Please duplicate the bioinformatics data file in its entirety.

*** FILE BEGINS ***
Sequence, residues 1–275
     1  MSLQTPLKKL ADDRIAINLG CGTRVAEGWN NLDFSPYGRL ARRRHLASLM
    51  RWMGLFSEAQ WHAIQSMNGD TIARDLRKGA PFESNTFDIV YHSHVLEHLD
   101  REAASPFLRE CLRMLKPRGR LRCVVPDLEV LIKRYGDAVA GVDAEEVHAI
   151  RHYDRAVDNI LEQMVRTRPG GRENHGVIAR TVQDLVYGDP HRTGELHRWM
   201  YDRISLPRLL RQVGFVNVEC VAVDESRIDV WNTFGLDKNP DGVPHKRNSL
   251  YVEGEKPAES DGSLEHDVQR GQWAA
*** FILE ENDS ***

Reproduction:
Sequence, residues 1–275
     1  MSLQTPLKKL ADDRIAINLG CGTRVAEGWN NLDFSPYGRL ARRRHLASLM
    51  RWMGLFSEAQ WHAIQSMNGD TIARDLRKGA PFESNTFDIV YHSHVLEHLD
   101  REAASPFLRE CLRMLKPRGR LRCVVPDLEV LIKRYGDAVA GVDAEEVHAI
   151  RHYDRAVDNI LEQMVRTRPG GRENHGVIAR TVQDLVYGDP HRTGELHRWM
   201  YDRISLPRLL RQVGFVNVEC VAVDESRIDV WNTFGLDKNP DGVPHKRNSL
   251  YVEGEKPAES DGSLEHDVQR GQWAA